Planting Lilies in Spring
Lilies are easy! Learn about the two most common types, and you’ll be on your way to beautiful blooms.
I love Lilies, and who doesn’t? But for first-time growers it can be a little confusing to understand the various types. The two most common types are named asiatic and oriental, but what’s the difference? Even though both names speak of the Far East, the two types are completely different—varying bloom times, different heights, and distinct looks, too.
First of all, there’s great bang for the buck with all lilies. Imagine. Just a few of each of these two types will give you almost three months of constant lily blooms. And they require almost no work. Lilies can be planted spring or fall, and all you do once they’re up is keep them watered.
Best of all, popping in lily bulbs takes almost no space. Just stick them in between your perennials or in front of shrubs. There’s nothing lovelier than midsummer lilies towering over your phlox and echinacea! And yes, they all come back dependably each year, except in the coldest climates. Here are the two groups:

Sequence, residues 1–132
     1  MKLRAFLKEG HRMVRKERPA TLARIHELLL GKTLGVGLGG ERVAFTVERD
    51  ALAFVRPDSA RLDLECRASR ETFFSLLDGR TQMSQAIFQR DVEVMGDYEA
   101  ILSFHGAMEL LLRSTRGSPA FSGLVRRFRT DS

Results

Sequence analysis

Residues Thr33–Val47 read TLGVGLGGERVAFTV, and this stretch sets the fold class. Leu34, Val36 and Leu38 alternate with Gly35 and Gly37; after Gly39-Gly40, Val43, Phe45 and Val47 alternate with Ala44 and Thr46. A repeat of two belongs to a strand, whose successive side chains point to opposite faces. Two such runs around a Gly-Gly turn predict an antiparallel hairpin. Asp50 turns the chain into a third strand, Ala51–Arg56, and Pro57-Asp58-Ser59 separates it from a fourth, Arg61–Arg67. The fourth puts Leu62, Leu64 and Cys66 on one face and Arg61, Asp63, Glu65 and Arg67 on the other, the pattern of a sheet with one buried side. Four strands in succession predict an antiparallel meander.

EARLY blooming, not tall, a host of colors and bicolors. Asiatics face upward with star-shaped blooms, making them great for cutting. Most grow to only about 3 ft. and open several blooms on each stalk, a ready-made bouquet. Bloom starts in most zones in June and goes on for about 5 weeks, depending on variety.
LATER to bloom, a little taller, have the largest flowers, and that heavenly scent. They bloom in most regions during July into August, grow to about 4 ft. the first year, but taller and taller each year after. Some (like Casablanca) open as many as 20 flowers per stalk once they’re about 3 years old, making lily bulbs one of gardening’s best investments.
Remember, your Asiatics will bloom first, in June, and then in July, the Orientals begin and bloom into August. Don’t miss a day of the lily season this year!
Other Lily Types
Other types include the trumpet lilies like Night Rider and tiger lilies like Tigrinum Splendens. Some are even crossed between two types. For example, the super-tall “lily trees” are called by two names “OT” and “Orientpets” which are crosses of Orientals and Trumpets. Obviously, the “OT” nickname stands for simply “Oriental” and “Trumpet.” These hybrids grow taller, bloom a little earlier and have the look of Orientals, but with more trumpet-shaped blooms. Tiger Lilies are just that—the famous old orange favorite with black spots. Yes, there are some tigers today in other colors, but everybody still loves the original. But if you plant just the “Big 2,” types, you’ll have a summer full of fantastic lilies. Go for it—they’re a snap to grow, and when your neighbors see them, they’ll think you’re a plant expert!